Welcome to the new Thurlaston NatureSpot page which gives local residents the opportunity to find out about, and contribute to, our knowledge of the wildlife in the parish. Just click on the headers of these stories to read more.
To find out more about featured Wild Places in and around the parish (red boundaries on the map), visit the Wild Places link on the main menu and enter the parish name into the parish selection box to see species lists and images. Contact NatureSpot if you have an idea for any additional Wild Places.
Total species seen in this parish: 982
Thurlaston Parish Council
The Ivy Bee (Colletes hederae) is a recent invader from the continent, first recorded in Dorset in 2001. It spread rapidly along the south coast and over the last few years has been steadily expanding northwards. Following the submission of a record from Rutland in 2017, the first Ivy Bees from Leicestershire were recorded in September 2018 from Aylestone, Narborough, Stoney Stanton and Broughton Astley. In October it was finally recorded in Thurlaston.
In early September 2017 up to 100 juvenile Mallard moved into front gardens on Croft Road, Thurlaston, feeding on invertebrates and vegetation. The Mallard (Anas platyrhynchos) is a common water bird found throughout the county, but it is rarely seen in gardens.
Well-known Thurlaston resident, Malcolm Tarrant, has been following the progress of a clutch of Blue Tit eggs in his garden. The nest box is fitted with a camera, allowing the development of the birds to be monitored without interference (it is illegal to interfere in any way with nesting birds, but this does not apply to nest box cameras installed before nesting commences).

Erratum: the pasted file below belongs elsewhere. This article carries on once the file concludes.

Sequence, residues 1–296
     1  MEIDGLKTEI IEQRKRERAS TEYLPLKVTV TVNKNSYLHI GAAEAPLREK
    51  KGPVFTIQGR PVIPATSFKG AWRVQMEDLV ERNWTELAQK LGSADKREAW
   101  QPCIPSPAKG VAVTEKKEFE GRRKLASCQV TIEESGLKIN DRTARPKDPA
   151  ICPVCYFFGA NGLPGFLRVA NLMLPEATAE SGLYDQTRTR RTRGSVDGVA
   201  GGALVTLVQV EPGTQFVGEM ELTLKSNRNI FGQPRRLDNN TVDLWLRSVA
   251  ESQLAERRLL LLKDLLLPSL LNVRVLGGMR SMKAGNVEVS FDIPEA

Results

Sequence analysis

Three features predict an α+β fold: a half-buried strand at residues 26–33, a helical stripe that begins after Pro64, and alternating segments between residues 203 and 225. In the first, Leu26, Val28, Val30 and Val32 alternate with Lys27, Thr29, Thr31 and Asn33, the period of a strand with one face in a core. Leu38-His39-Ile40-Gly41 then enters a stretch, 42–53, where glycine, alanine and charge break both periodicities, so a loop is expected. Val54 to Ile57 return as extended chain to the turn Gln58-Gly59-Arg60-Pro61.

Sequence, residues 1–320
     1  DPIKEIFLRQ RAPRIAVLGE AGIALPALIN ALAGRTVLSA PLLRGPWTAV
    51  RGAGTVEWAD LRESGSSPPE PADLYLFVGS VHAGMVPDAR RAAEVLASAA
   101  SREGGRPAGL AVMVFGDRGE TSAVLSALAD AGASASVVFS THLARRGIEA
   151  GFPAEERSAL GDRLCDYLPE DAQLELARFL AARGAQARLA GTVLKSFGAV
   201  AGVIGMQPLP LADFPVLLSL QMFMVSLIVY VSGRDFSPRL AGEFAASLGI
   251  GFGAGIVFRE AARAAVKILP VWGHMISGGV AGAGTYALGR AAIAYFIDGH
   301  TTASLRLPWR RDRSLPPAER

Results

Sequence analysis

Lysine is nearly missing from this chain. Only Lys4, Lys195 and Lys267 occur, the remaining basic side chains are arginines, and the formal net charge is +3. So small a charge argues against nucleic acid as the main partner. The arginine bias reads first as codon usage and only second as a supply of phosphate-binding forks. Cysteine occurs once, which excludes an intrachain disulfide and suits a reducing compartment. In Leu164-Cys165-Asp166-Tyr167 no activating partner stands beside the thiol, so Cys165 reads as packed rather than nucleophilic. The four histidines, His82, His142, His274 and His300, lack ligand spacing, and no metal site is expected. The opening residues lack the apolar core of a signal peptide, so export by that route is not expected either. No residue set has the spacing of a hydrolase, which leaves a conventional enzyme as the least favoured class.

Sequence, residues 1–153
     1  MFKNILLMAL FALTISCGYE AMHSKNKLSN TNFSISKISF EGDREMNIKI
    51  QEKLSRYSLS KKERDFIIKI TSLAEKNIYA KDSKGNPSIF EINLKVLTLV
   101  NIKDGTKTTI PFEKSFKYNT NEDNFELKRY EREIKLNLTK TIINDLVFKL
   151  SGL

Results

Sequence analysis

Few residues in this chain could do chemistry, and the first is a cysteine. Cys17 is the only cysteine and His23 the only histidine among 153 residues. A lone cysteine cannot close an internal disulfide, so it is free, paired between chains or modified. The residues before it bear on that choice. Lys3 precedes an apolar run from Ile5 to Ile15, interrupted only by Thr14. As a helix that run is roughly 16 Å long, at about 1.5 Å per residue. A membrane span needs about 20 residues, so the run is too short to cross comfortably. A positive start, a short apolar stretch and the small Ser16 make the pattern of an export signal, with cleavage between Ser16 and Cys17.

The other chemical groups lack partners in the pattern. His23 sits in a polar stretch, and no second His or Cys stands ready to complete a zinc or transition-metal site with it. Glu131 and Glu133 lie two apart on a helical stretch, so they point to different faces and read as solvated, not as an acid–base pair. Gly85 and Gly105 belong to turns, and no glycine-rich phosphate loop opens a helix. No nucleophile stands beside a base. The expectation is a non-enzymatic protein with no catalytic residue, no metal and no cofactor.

Thurlaston village and its surrounding parish lie in the district of Blaby, just over 6 miles to the south-west of Leicester. The parish is relatively large, occupying the area between the A47 and the M69, bordered by the B582 to the north-east and by Watery Gate Lane to the south-west. The village itself is small with a population in 2011 of just 807, a rural community largely surrounded by agricultural land.
The only publicly-accessible wildlife haven within the parish is Normanton Wood, located 2 miles west of the village on Earl Shilton Lane, just before the junction with Thurlaston Lane. This was created by the Woodlands Trust as part of their "Woods on your Doorstep" project in partnership with DIY store Homebase. Everyone is welcome to walk here amongst trees planted in 1999, mainly oak, ash and field maple. The adjacent grassland has been sown with a mixture of meadow grasses and is allowed to grow long before being cut annually after the wild flowers have set seed.
Also to the west of the village, a footpath passes through the rolling parklands of Normanton Hall, overlooking a small tributary of the River Soar and a number of fishing lakes. Several other footpaths traverse the parish, passing mainly through farmland.
|Common Name||Latin Name||Date Recorded||Recorded By|
|Orange Tip||Anthocharis cardamines||20/04/2019||egaten|
|Sloe Bug||Dolycoris baccarum||20/04/2019||egaten|
|Speckled Wood||Pararge aegeria||20/04/2019||egaten|
|Pine Ladybird||Exochomus quadripustulatus||20/04/2019||egaten|
|Brindled Beauty||Lycia hirtaria||20/04/2019||egaten|
|Lunar Marbled Brown||Drymonia ruficornis||20/04/2019||egaten|
|Shuttle-shaped Dart||Agrotis puta||20/04/2019||egaten|
|Light Brown Apple Moth||Epiphyas postvittana||20/04/2019||egaten|
|Parsnip Moth||Depressaria radiella||19/04/2019||egaten|
|Species group||Total no. of species||Total no. of records|
|Bees, Wasps, Ants||33||100|
|Grasses, Rushes & Sedges||28||28|
|Flies, Gnats and Midges||27||63|
|Trees, Shrubs & Climbers||24||65|
|Spiders, Harvestmen & Mites||22||48|
|Slugs & Snails||13||37|
|Dragonflies and Damselflies||8||37|
|Ferns & Horsetails||5||5|
|Grasshoppers & Crickets||3||15|
|Centipedes & Millipedes||2||6|
|insect - hymenopteran||2||2|
|Mosses & Liverworts||1||1|
|Spiders, Harvestmen, Mites & Ticks||1||1|